As far as enforcement goes, both teams now must keep track of all pitches thrown by either side. At the end of each half inning, the two scorekeepers will check with each other on the numbers. If there's a disagreement, the home team's total will be used.
Before the game, each team is told what opposing pitchers are available on that day. A pitch count form is filled out at the end of the game. If the rule is broken, the pitcher's team will forfeit the game.
Participants in baseball on all levels realize that the sport has been dealing with arm injuries with several years now, and are trying to figure out how best to prevent them. Keeping track of pitch count is nothing knew; it's the enforcement that is the big change.
"Most coaches throughout my experience, we always kept a pitch count," Conley said. "Most high school coaches don't overuse pitchers. I all the years I coached, I don't think anyone overused someone, although I'm sure there were cases of that."
Other coaches around the area echoed those thoughts.
A wet April has spread out the high school schedule quite a bit this year, so pitch counts haven't been a major concern for the most part so far. Still, coaches have learned that a well-pitched game is like money in the bank.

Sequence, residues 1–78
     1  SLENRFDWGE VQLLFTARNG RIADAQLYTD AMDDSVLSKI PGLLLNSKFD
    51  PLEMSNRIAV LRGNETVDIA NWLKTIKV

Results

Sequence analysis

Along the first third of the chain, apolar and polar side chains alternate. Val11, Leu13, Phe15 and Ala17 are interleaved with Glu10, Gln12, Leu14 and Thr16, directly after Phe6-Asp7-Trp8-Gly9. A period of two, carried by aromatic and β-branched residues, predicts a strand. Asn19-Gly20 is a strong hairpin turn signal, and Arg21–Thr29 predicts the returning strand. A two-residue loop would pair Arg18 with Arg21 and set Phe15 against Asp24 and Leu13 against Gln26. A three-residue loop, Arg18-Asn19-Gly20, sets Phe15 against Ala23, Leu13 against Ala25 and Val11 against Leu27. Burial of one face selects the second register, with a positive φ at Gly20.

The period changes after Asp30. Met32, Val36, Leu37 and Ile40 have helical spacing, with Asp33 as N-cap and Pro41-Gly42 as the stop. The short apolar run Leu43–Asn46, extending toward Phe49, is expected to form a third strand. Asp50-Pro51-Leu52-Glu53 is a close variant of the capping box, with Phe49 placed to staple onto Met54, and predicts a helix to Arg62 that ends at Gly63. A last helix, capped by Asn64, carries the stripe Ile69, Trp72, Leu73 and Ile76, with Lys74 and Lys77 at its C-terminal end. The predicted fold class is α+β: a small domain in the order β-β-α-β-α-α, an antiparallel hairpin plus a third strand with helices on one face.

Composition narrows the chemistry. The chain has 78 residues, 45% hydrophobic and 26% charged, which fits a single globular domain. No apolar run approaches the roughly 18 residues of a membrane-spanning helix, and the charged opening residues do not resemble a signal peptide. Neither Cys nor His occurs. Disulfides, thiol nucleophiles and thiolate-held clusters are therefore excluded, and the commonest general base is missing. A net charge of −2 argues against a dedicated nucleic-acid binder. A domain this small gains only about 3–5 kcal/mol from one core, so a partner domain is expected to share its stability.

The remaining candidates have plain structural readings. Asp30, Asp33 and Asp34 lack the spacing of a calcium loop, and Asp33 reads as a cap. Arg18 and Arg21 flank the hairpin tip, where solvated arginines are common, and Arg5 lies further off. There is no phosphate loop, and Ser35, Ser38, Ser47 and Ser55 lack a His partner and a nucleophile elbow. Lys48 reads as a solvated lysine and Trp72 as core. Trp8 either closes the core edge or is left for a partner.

For example, Andrew Lorenze threw a complete game last week for Clarence as the Red Devils beat Hamburg.
"That saved some arms," coach Dave Smith of the Red Devils said. "He threw almost to the limit - he had three pitches to go. Another batter or two and I would have had to take him out."
But other teams haven't been so lucky.
"When we played Depew this year, we had a pitcher hit the limit with two outs in the seventh," Alden coach Tom Zaccardo said. "It will put a little pressure on the pitching staffs, when we play back-to-back. But I agree with the rule, no question."
Any rule in any sport is going to have consequences, and this one is no exception. The biggest one in this case is that the pitching workload is going to be spread out among more players.
"I think this will hurt the JV programs and the modified programs the most," Conley said. "There are different limits, and that's where it's going to hurt. It might force coaches to develop more pitchers."
The use of more players in games sounds like a good idea on the surface. After all, more people get to participate. But what happens if a school doesn't have that many players on its roster? The small schools around Western New York have seen several of their sports teams merge with neighboring school districts. It's possible that this rule could squeeze rosters a bit.
If all of this wasn't enough for coaches to consider, remember that non-scholastic teams are also in the mix in some cases.
"There are things we can't control," Conley said. "If these kids play on a travel team, they may go away for the weekend and play. Some of them do that."
Will the new rule help? We'll have to see. Conley is hopeful.
"They'll change it, tweak it and make it better," he said. "I can see things change at various levels as we go forward. I just hope it doesn't hurt programs and the sport."